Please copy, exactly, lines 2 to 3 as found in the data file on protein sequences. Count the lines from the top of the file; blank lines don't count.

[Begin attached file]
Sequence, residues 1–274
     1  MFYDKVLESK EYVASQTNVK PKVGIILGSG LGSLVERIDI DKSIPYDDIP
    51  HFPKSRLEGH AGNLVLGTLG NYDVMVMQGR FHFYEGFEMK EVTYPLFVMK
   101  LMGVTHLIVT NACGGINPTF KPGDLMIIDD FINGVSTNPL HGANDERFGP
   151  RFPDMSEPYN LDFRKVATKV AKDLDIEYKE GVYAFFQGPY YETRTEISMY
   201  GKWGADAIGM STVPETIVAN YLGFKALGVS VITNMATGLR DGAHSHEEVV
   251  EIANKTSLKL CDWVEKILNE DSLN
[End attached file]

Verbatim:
     1  MFYDKVLESK EYVASQTNVK PKVGIILGSG LGSLVERIDI DKSIPYDDIP
    51  HFPKSRLEGH AGNLVLGTLG NYDVMVMQGR FHFYEGFEMK EVTYPLFVMK